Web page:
Lyons has completed a few university buildings recently, including a bioscience facility with an X-shaped facade and a building covered in brightly coloured scales that was branded "ugly" and "menacing" by Dezeen readers. See more architecture by Lyons.

The La Trobe Institute for Molecular Science by Lyons
Photograph is by Dianna Snape

Photography is by Dianna Snape, apart from where otherwise stated.

The La Trobe Institute for Molecular Science by Lyons
Photograph is by Dianna Snape

Here's some more information from Lyons:


The La Trobe Institute for Molecular Science (LIMS), La Trobe University

The La Trobe Institute for Molecular Science (LIMS) is a major new building on La Trobe University's Bundoora Campus, which will meet the University's long-term needs in terms of student learning and research in the science disciplines.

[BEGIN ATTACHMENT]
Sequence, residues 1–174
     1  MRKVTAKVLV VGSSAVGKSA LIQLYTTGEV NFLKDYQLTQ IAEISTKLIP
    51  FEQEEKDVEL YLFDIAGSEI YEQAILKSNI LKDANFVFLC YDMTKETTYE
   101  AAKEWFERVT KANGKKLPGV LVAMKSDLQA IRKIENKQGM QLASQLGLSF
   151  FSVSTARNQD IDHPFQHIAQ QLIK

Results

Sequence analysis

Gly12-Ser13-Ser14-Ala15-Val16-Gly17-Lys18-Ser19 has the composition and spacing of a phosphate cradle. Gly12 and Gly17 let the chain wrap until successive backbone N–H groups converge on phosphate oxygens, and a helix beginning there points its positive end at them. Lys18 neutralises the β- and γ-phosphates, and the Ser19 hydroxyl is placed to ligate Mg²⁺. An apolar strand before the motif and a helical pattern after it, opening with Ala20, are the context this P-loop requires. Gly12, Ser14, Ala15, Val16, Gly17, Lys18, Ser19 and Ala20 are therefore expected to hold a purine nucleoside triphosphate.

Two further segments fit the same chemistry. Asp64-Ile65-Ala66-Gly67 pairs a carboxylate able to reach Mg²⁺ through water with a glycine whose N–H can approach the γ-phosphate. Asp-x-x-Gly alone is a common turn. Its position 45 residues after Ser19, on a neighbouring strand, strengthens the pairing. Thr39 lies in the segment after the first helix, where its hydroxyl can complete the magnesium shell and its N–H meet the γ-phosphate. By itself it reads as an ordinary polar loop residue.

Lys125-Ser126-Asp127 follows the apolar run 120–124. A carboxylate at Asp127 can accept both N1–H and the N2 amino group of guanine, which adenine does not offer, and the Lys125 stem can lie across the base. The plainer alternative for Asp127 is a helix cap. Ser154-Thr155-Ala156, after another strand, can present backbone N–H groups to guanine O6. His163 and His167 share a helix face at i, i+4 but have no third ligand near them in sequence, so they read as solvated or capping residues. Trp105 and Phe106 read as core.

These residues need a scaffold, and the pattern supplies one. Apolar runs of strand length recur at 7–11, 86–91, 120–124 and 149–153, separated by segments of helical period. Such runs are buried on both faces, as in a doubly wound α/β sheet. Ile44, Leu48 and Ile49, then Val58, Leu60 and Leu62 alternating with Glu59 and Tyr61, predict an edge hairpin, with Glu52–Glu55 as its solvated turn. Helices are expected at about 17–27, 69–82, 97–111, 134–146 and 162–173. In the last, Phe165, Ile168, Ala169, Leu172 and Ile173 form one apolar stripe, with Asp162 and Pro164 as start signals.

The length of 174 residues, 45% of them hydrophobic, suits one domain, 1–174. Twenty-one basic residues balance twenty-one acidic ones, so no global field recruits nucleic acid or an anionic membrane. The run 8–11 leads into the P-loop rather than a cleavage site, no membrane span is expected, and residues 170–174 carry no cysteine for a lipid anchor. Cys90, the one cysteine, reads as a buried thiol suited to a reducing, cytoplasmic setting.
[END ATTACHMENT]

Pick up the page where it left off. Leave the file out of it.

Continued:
The La Trobe Institute for Molecular Science by Lyons
Photograph is by Dianna Snape

Lyons were appointed following a design competition sponsored by the Australian Institute of Architects. An integral part of the brief was for the project to have a 'transformative' effect in terms of the architecture and identity of the campus, which had previously been built within the strict guidelines for materials and heights.

The La Trobe Institute for Molecular Science by Lyons
Photograph is by Dianna Snape

The building is designed around the University's specific model for creating a pathway for students in science; an environment where students can develop into student researchers and ultimately into lead researchers.

The La Trobe Institute for Molecular Science by Lyons
Photograph is by Michael Evans

The lower levels of the building accommodate first to third year undergraduate learning spaces – with large open flexible labs (accommodating teaching cohorts for 160 students) connected with 'dry' learning spaces. This allows students to move between laboratory based project work, to digital and collaborative learning activities within the adjacent spaces. At ground level, these learning spaces breakout to new landscaped spaces, extending the idea of placing students at the centre of outside social and learning areas.